Satisfiability Attack-Resistant Camouflaged Two-Dimensional Heterostructure Devices

ACS Nano. 2021 Feb 23;15(2):3453-3467. doi: 10.1021/acsnano.0c10651. Epub 2021 Jan 28.


Reverse engineering (RE) is one of the major security threats to the semiconductor industry due to the involvement of untrustworthy parties in an increasingly globalized chip manufacturing supply chain. RE efforts have already been successful in extracting device level functionalities from an integrated circuit (IC) with very limited resources. Camouflaging is an obfuscation method that can thwart such RE. Existing work on IC camouflaging primarily involves transformable interconnects and/or covert gates where variation in doping and dummy contacts hide the circuit structure or build cells that look alike but have different functionalities. Emerging solutions, such as polymorphic gates based on a giant spin Hall effect and Si nanowire field effect transistors (FETs), are also promising but add significant area overhead and are successfully decamouflaged by the satisfiability solver (SAT)-based RE techniques. Here, we harness the properties of two-dimensional (2D) transition-metal dichalcogenides (TMDs) including MoS2, MoSe2, MoTe2, WS2, and WSe2 and their optically transparent transition-metal oxides (TMOs) to demonstrate area efficient camouflaging solutions that are resilient to SAT attack and automatic test pattern generation attacks. We show that resistors with resistance values differing by 5 orders of magnitude, diodes with variable turn-on voltages and reverse saturation currents, and FETs with adjustable conduction type, threshold voltages, and switching characteristics can be optically camouflaged to look exactly similar by engineering TMO/TMD heterostructures, allowing hardware obfuscation of both digital and analog circuits. Since this 2D heterostructure devices family is intrinsically camouflaged, NAND/NOR/AND/OR gates in the circuit can be obfuscated with significantly less area overhead, allowing 100% logic obfuscation compared to only 5% for complementary metal oxide semiconductor (CMOS)-based camouflaging. Finally, we demonstrate that the largest benchmarking circuit from ISCAS'85, comprised of more than 4000 logic gates when obfuscated with the CMOS-based technique, is successfully decamouflaged by SAT attack in <40 min; whereas, it renders to be invulnerable even in more than 10 h when camouflaged with 2D heterostructure devices, thereby corroborating our hypothesis of high resilience against RE. Our approach of connecting material properties to innovative devices to secure circuits can be considered as a one of a kind demonstration, highlighting the benefits of cross-layer optimization.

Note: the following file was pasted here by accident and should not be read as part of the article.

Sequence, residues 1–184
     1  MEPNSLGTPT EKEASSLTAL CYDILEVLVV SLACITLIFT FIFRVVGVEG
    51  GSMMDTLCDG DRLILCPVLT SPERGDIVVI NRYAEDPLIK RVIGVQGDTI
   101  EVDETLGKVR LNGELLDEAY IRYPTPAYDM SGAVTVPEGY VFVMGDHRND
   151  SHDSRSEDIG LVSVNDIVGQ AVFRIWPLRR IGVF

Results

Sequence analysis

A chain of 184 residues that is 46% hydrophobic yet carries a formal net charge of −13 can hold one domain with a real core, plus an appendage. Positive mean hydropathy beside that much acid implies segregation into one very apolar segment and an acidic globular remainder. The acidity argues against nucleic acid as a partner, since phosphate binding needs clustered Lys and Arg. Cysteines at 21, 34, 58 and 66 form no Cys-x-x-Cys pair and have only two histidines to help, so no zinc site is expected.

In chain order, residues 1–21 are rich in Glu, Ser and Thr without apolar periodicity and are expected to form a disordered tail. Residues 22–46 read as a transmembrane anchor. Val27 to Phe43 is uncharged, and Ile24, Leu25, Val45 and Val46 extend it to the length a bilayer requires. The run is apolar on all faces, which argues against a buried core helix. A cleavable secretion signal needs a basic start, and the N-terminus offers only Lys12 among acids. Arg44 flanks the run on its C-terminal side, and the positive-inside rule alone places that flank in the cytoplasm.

Keywords: camouflaging; integrated circuit; reverse engineering; security; two-dimensional materials.